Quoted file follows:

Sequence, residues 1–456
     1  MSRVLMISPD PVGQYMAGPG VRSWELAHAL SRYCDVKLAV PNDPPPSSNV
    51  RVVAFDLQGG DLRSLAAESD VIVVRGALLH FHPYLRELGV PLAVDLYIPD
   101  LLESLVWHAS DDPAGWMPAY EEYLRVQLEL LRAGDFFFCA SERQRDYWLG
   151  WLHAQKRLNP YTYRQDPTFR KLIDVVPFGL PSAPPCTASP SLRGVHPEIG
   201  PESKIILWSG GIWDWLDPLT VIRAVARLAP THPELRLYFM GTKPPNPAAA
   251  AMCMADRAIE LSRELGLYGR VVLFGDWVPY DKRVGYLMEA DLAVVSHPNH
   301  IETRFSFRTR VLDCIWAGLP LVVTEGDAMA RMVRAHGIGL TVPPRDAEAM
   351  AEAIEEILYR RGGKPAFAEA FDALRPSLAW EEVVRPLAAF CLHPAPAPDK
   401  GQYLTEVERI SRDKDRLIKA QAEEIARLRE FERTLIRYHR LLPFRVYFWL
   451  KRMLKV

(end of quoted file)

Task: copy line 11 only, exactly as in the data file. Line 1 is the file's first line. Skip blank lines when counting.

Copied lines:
   451  KRMLKV